Fluoroquinolones and Mitochondrial Dysfunction

How can the fluoroquinolones cause Mitochondrial Dysfunction?

Fluoroquinolones Oxidative Stress Mitochondrial Dysfunction

An internal FDA pharmacovigilance review memo dated April 17, 2013 on the Fluoroquinolones (FQs), issued by the Food and Drug Administration’s Center for Drug Evaluation and Research, Office of Surveillance and Epidemiology shows that the FDA is fully aware of permanent disabling peripheral neuropathy in otherwise healthy individuals and that the likely method of action (or damage) for the peripheral neuropathy is mitochondrial toxicity. They go on to note that the method of damage, mitochondrial toxicity, is also the underlying mechanisms in neurodegenerative diseases such as Parkinson’s, Alzheimer’s, and ALS (1).

More poignantly the FDA memo states “Fluoroquinolones act by inhibiting DNA gyrase and bacterial topoisomerase IV, both of which belong to the topoisomerase type IIA subfamily. Fluoroquinolones have been found to affect mammalian topoisomerase II, especially in mitochondria. In vitro studies in drug-treated mammalian cells found that nalidixic acid and ciprofloxacin caused a loss of mitochondrial DNA (mtDNA), resulting in a decrease of mitochondrial respiration and an arrest in cell growth (FDA Memo pages 11 & 12).

What this says in a nutshell is that the fluoroquinolones can be toxic to mitochondria.  Actually, it has been known for quite some time that FQ’s induce Mitochondrial Dysfunction and Oxidative Damage in Mammalian Cells (2).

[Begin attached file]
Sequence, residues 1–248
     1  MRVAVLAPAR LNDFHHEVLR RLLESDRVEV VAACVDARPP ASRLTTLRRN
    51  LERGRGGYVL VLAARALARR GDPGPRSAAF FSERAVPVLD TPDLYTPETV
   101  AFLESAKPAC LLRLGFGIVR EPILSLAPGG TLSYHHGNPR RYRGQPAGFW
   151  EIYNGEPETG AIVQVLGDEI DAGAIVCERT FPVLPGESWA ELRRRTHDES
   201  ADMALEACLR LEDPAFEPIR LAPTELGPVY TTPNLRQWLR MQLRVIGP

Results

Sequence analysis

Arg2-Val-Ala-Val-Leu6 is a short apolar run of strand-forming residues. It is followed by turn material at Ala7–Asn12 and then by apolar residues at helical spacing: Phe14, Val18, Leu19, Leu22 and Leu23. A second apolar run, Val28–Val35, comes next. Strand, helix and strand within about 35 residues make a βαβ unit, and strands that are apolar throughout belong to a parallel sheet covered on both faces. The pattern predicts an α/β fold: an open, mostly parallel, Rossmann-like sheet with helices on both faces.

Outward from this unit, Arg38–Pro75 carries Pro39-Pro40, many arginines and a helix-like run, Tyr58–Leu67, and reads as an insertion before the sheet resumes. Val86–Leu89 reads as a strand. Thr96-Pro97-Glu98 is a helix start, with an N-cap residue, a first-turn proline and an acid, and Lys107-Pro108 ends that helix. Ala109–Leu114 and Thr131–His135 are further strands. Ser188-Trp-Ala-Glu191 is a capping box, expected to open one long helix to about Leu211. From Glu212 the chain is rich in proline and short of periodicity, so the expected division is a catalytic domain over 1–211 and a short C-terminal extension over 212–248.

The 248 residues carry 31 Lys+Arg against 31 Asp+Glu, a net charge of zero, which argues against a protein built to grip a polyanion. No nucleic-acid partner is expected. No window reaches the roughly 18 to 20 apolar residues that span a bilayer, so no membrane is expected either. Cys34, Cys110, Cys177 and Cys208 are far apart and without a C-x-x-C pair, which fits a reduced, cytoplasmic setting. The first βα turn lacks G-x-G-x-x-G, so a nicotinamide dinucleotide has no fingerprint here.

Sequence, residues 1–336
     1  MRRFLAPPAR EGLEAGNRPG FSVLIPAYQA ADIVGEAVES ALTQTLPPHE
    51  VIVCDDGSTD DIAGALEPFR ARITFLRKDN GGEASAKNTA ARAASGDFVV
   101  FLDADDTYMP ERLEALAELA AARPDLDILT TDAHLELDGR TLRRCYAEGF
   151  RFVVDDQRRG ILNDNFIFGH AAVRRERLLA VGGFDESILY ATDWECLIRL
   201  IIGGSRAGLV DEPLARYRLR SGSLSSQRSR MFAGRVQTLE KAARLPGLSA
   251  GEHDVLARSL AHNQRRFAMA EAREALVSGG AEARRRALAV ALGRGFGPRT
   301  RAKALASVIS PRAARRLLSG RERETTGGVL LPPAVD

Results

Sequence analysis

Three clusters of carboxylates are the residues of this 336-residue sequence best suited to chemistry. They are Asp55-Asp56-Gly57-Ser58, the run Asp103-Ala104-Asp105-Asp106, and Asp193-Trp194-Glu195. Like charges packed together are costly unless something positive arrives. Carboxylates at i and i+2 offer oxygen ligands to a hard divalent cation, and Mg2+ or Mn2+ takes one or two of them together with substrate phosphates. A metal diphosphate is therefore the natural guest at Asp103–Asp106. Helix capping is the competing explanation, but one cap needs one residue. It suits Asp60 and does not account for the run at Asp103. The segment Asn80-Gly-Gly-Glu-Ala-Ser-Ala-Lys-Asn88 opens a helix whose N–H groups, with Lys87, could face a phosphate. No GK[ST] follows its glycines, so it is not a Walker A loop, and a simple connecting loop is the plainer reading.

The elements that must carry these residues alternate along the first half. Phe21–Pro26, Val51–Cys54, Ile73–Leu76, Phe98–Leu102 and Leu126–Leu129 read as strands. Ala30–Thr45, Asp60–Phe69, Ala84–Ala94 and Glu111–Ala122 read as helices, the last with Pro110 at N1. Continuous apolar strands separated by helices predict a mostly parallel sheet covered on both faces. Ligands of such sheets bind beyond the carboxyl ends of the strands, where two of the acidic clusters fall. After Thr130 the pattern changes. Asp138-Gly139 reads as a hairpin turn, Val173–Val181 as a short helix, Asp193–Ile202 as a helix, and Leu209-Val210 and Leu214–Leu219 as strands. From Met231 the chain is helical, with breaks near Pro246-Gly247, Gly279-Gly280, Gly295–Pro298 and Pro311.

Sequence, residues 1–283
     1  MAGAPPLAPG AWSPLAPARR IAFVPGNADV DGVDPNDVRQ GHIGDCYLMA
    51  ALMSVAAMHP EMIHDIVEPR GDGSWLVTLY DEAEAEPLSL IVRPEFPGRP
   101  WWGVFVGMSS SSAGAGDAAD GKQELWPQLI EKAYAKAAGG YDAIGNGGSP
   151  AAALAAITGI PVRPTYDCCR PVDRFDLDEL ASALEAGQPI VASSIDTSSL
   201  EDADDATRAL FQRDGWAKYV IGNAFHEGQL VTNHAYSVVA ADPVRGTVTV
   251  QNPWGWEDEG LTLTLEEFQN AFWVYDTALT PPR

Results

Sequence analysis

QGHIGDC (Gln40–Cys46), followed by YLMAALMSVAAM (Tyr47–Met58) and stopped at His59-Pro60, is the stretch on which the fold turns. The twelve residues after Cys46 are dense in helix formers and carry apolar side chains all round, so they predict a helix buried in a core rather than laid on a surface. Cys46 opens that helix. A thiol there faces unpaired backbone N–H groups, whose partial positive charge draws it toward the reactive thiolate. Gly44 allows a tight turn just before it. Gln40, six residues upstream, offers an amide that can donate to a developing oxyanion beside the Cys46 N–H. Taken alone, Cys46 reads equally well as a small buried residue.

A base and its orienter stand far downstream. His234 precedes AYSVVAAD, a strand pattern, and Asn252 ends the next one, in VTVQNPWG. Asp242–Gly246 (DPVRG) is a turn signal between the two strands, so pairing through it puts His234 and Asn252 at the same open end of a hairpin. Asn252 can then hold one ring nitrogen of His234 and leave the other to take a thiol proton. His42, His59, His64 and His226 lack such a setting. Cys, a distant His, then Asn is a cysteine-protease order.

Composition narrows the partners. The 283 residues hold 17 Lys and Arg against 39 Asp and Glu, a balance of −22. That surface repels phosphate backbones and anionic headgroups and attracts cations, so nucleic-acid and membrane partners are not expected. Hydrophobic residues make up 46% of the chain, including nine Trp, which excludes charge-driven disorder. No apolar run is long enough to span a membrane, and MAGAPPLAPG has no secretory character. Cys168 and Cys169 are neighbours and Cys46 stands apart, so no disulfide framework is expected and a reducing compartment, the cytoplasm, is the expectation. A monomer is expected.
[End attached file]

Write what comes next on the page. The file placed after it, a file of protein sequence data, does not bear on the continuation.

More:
Why are the fluoroquinolones so dangerous?  Many people, including many doctors, assume that the fluoroquinolones only affect bacterial topoisomerases.  However, as the FDA points out above, and other scientists have found out via research (3) the fluoroquinolones affect mitochondrial topoisomerases as well.   Now, to the average person, this may not sound like such a big deal, well pay attention. The ONLY other topoisomerase interrupting drugs are chemotherapy.  Let that sink in for a minute. All the other topoisomerase interrupting drugs are chemotherapy drugs that are used to treat cancer.   So, you can easily make the conclusion that if you have had a course of fluoroquinolone therapy, you had a form of chemotherapy.

Just like chemotherapy, fluoroquinolones cause oxidative stress (2)(4). Oxidative stress causes mitochondrial dysfunction (5).

Mitochondrial dysfunction, like the FDA pointed out above,  is linked to neurodegenerative diseases such as Parkinson’s, Alzheimer’s, and ALS.  However, many other adult-onset diseases, such as fibromyalgia, Chronic Fatigue Syndrome, autoimmune diseases, and even diabetes are being linked to”Mitochondrial Dysfunction”.

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